SpringFlowers AutumnMoon wrote:
> Rick Denatale wrote:
>> On 9/24/07, Tim Hunter <TimHunter / nc.rr.com> wrote:
>>> > so the question is...  which objects have the object_id 2, 4, 6, and -2,
>>> irb(main):004:0> x.object_id
>>> => 0
>>> irb(main):005:0> x = nil
>>> => nil
>>> irb(main):006:0> x.object_id
>>> => 4
> 
>> One should keep in mind that these are interesting implementation
>> artifacts.  I don't believe that there's any guarantee that such ids
>> would be the same in an arbitrary ruby implementation or even between
>> versions of the same implementation.
> 
> right, it is just from the curiosity standpoint.  that where did those 
> even number object id's go?   (the 10002, 10004, etc)

Object ids are memory addresses. Due to the way C programs (remember 
Ruby is a C  program) allocate memory, the object ids that are not 
Fixnums and not very small even numbers are (at least in common systems) 
always multiples of 8, so 10002 isn't going to be a real object id. 
Also, because of the way operating systems dole out memory to C 
programs, the memory addresses are usually going to be very large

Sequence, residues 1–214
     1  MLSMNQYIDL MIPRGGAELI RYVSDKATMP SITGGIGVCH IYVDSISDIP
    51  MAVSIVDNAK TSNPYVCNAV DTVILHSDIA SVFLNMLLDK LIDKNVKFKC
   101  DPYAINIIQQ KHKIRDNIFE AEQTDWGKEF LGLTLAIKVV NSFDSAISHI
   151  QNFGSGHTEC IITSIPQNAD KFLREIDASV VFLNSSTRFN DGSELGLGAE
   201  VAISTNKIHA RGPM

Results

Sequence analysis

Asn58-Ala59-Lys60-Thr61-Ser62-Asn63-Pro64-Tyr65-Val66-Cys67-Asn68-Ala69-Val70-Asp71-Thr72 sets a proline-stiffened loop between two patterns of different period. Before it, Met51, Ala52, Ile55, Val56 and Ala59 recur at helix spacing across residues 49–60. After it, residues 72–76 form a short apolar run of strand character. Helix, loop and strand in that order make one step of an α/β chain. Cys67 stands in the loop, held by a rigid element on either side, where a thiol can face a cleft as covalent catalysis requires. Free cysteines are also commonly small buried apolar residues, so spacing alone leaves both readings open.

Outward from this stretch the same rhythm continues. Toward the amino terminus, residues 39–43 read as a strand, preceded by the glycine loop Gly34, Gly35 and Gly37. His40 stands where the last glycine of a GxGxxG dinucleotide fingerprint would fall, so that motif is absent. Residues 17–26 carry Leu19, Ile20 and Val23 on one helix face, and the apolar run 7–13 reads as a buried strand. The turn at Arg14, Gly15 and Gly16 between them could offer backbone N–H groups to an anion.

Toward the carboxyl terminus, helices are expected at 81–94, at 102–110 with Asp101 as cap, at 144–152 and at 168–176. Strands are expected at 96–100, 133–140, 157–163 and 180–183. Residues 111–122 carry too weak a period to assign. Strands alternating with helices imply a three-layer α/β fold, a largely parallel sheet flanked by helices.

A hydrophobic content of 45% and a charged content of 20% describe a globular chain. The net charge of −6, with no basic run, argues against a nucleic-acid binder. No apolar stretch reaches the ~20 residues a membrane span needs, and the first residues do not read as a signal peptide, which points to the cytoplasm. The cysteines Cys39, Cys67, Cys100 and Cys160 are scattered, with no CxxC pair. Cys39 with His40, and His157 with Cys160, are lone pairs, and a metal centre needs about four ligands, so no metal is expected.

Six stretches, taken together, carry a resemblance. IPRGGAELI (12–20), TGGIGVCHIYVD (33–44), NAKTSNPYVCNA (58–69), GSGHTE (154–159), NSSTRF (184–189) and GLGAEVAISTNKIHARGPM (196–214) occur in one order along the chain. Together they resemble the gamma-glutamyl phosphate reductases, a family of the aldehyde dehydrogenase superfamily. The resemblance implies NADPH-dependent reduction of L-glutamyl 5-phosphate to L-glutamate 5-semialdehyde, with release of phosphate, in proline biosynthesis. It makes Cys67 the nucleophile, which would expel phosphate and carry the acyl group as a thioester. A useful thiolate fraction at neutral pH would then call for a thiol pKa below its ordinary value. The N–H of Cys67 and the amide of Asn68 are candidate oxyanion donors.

numbers. (Mostly because operating systems like to reserve low memory 
addresses for themselves.) Memory addresses are of course always 
positive numbers, but Ruby displays object ids as signed numbers. If the 
memory address is sufficiently large (such that the sign bit is set) 
Ruby displays it as a negative number.

Of course at this point somebody will pipe up and say that what I just 
wrote is untrue on such-and-such an obscure computer, and they'd be 
right. I'm just talking about the kind of computers (PCs) and operating 
systems (Win, Linux, etc.) that Ruby commonly runs on. Personally I'd be 
interested in hearing about computers that Ruby runs on that don't act 
this way.
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